“Hire Slow, Fire Fast” is Bad Advice

by George Blomgren

I recently read an article promoting this advice, here on LinkedIn in fact. It’s the worst type of advice — the kind that sounds pithy and wise, but is really quite destructive.

Underlying this advice is the idea that hiring decisions have a huge impact — financially, and on your company’s culture and morale. So take the necessary time to make careful, well-informed hiring decisions. Similarly, employees who don’t fit — bad culture fit, or poor performance — have a significant negative impact. So you want to get them out the door ASAP.

Of course there is some wisdom underlying this advice. But consider the downsides

Hiring slowly is a great way to lose top candidates. The best candidates have the shortest shelf lives. And when they receive attractive offers from other employers, it’s a “bird in the hand” situation. Few will wait on your indecisiveness. In addition, delays in making a decision send a variety of negative messages to candidates — “we’re very bureaucratic.” “We like you, but not enough to pull the trigger.” “Hiring just isn’t a priority for us.” “When we told you (repeatedly) that we would have a decision by the end of next week … we lied.”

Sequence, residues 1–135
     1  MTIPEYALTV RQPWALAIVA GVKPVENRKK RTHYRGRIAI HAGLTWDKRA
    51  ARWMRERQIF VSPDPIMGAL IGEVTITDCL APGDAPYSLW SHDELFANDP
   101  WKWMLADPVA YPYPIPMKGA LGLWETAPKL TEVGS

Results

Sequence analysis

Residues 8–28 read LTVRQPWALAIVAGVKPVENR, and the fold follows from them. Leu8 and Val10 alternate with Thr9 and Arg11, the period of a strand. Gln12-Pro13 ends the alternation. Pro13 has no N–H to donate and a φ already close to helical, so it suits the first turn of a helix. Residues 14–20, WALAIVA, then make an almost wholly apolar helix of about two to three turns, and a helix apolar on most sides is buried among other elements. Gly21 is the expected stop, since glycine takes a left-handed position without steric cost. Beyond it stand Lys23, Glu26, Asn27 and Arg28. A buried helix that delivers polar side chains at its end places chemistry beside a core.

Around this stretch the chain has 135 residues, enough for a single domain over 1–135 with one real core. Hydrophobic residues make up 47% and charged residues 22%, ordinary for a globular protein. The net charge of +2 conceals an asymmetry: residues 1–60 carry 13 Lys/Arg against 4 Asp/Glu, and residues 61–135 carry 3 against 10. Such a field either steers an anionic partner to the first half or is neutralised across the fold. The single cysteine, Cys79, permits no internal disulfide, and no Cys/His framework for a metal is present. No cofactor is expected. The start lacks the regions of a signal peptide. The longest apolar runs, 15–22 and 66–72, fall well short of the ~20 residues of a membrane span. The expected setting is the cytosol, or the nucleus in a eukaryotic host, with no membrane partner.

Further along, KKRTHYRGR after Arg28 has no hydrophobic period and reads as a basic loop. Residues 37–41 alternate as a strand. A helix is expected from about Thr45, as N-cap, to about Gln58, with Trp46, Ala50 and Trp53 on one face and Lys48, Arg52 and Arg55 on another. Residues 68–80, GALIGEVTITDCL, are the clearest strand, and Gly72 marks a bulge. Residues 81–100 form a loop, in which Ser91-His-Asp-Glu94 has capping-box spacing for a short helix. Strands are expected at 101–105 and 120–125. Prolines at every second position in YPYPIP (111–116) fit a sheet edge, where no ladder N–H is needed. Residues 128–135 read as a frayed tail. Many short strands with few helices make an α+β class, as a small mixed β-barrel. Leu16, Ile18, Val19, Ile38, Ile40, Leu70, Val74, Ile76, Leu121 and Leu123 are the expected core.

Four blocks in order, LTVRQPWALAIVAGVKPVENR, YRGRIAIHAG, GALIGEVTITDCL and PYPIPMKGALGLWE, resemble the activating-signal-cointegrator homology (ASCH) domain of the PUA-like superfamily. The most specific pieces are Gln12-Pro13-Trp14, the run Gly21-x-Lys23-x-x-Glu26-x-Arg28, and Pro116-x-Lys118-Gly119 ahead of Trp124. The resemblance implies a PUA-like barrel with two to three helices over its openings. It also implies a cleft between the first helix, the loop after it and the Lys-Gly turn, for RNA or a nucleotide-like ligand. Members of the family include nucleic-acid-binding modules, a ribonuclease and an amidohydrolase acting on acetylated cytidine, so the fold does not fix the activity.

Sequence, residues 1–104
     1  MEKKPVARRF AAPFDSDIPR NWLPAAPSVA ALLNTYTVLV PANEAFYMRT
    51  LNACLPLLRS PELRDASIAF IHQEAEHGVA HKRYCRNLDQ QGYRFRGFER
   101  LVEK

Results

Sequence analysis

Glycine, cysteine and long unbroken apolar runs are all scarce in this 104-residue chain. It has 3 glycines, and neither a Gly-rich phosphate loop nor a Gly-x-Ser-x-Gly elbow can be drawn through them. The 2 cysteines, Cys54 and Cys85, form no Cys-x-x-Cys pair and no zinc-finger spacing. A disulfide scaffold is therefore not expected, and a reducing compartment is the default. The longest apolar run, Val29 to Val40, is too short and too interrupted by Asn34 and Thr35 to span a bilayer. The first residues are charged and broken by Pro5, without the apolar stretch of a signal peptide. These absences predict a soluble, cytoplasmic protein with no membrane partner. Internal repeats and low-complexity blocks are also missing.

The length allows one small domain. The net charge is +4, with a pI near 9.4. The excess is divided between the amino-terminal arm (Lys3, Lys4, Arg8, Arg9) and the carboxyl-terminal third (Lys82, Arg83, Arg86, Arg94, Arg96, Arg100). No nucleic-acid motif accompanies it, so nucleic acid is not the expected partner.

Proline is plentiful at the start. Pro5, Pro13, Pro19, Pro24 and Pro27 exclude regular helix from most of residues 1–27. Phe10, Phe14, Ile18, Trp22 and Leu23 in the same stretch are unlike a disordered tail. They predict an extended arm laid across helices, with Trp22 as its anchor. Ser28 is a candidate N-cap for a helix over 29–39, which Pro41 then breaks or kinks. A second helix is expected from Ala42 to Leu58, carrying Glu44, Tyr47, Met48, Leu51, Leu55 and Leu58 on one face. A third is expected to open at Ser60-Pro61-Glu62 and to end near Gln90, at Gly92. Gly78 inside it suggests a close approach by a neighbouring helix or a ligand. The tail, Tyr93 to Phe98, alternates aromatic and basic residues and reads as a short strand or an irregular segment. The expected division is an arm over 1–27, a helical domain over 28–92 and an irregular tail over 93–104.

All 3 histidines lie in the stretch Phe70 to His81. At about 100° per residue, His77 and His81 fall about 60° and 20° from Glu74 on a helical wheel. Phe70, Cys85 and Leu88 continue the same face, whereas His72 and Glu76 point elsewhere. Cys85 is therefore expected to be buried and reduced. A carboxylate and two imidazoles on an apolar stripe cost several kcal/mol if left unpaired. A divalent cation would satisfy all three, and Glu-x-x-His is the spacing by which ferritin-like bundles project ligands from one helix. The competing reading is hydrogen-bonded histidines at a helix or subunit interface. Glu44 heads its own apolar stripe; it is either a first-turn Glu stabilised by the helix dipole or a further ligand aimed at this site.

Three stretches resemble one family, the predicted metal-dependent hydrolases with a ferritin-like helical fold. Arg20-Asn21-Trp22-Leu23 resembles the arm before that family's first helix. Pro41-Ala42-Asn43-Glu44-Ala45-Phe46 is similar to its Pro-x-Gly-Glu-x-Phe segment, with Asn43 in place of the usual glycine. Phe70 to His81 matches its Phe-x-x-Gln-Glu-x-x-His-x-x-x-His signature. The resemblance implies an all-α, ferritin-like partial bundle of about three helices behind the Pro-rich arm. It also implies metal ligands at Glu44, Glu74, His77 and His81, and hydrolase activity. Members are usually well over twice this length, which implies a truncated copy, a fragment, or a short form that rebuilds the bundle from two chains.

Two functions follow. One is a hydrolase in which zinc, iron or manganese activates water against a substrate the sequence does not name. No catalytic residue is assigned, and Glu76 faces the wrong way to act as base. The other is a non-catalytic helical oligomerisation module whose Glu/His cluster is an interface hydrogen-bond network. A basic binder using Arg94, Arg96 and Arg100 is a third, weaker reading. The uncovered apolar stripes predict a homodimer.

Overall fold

As for firing quickly … it’s a great way to cultivate a reputation as a ruthless work environment with no loyalty, compassion or employment security. Just watch those Glassdoor.com comments add up!

The answer, obviously, is to engineer a hiring/screening process that is thorough and covers all right bases, but moves along quickly. You don’t have to hire slow to hire well. And if you hire well, you shouldn’t have to fire quickly.

(AP Photo/Pat Sullivan)


  1. Interesting post. I always interpreted this advice to mean that you shouldn’t decide to add a position until you are really ready. Once you make the decision, act quickly, but don’t rush into hiring just for the sake of it.

  2. I agree with McGee. I use this advice as a check to remind myself “Do I really need to be hiring right now?”. In other words, one shouldn’t take a long time to hire any individual candidate (that’s just a waste of both of our time). Instead, don’t jump to hire simply because your business demands it. Hire because the hire is the correct fit and because you have a business need. Furthermore, after you’ve hired an employee, there’s certain traits that can be bad (i.e. needing to be micromanaged) that really can only be discovered after you’ve begun working together. So, if someone isn’t living up to the expectations that you and your current employees currently live by, then we shouldn’t drag out a bad situation for everyone involved.

    1. mcgeeyoung · · Reply

      Well said, Rick!

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